Heard in its raging ebb and flow
By the captives pent in the cave below.
The Apennine in the light of day
Is a mighty mountain dim and gray,
Which between the earth and sky doth
lay;

But when night comes, a chaos dread On the dim starlight then is spread, And the Apennine walks abroad with the storm.

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O Mary dear, that you were here; The Castle echo whispers "Here!"

ON A FADED VIOLET

I

THE odour from the flower is gone

Which like thy kisses breathed on me ; The colour from the flower is flown Which glowed of thee and only thee!

II

A shrivelled, lifeless, vacant form,
It lies on my abandoned breast,
And mocks the heart which yet is warm,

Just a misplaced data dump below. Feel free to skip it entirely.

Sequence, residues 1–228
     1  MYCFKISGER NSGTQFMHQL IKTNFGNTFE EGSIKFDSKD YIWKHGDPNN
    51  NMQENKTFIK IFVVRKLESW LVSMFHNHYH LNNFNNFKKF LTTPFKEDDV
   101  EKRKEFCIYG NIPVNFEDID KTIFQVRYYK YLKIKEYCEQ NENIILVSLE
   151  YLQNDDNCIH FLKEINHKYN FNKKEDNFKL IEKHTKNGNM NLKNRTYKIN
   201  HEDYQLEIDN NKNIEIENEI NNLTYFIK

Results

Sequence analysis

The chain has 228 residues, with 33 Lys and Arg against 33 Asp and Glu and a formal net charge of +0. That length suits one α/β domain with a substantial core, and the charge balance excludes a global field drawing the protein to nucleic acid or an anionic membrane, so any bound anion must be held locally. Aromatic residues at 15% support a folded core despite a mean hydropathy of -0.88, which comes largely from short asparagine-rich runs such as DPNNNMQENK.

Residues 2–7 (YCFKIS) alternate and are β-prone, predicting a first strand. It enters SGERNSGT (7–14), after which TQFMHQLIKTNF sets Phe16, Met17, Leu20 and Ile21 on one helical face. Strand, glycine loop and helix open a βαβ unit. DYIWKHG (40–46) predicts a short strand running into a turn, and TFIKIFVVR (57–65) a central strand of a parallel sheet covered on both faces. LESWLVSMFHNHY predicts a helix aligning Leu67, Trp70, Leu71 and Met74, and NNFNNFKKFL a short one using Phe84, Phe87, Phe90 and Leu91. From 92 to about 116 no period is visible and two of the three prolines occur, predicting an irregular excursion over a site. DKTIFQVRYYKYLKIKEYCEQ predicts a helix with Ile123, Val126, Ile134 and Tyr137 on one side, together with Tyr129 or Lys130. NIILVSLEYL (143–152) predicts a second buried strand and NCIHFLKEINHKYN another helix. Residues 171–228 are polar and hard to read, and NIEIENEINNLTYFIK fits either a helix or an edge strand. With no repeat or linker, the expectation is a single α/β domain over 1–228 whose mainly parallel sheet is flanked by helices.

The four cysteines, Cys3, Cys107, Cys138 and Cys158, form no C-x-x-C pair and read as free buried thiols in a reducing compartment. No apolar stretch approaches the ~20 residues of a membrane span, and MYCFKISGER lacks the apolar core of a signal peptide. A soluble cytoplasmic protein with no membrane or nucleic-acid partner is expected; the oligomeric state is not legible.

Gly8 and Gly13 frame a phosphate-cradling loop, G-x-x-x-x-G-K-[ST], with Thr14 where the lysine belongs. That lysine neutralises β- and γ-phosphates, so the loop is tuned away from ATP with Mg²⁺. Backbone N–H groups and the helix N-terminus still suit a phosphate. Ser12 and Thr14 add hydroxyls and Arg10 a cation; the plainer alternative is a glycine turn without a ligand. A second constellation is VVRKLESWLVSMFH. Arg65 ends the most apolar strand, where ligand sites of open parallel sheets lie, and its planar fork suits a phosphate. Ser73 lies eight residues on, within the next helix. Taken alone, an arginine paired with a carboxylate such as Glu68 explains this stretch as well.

With cold and silent rest.

III

I

weep,-my tears revive it not !

Its mute and uncomplaining lot
I sigh, it breathes no more on me ;
Is such as mine should be.

LINES

WRITTEN AMONG THE
EUGANEAN HILLS

OCTOBER, 1818

MANY a green isle needs must be
In the deep wide sea of misery,
Or the mariner, worn and wan,
Never thus could voyage on
Day and night, and night and day,
Drifting on his dreary way,
With the solid darkness black
Closing round his vessel's track;
Whilst above the sunless sky,
Big with clouds, hangs heavily,
And behind the tempest fleet
Hurries on with lightning feet,
Riving sail, and cord, and plank,
Till the ship has almost drank
Death from the o'er-brimming deep;
And sinks down, down, like that sleep
When the dreamer seems to be
Weltering through eternity;

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And the dim low line before
Of a dark and distant shore
Still recedes, as ever still
Longing with divided will,
But no power to seek or shun,
He is ever drifted on

O'er the unreposing wave
To the haven of the grave.
What, if there no friends will greet;
What, if there no heart will meet
His with love's impatient beat;
Wander wheresoe'er he may,
Can he dream before that day